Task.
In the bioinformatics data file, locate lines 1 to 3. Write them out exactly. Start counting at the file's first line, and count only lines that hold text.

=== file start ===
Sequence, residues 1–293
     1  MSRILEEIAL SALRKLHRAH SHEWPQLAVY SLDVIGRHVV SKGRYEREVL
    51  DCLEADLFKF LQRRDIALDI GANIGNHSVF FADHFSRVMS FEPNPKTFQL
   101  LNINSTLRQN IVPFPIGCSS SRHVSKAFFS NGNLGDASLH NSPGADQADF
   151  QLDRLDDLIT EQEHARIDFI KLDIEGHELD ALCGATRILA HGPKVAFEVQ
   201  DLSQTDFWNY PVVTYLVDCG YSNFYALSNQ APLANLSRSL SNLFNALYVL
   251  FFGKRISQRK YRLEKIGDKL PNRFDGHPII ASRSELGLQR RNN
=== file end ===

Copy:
Sequence, residues 1–293
     1  MSRILEEIAL SALRKLHRAH SHEWPQLAVY SLDVIGRHVV SKGRYEREVL
    51  DCLEADLFKF LQRRDIALDI GANIGNHSVF FADHFSRVMS FEPNPKTFQL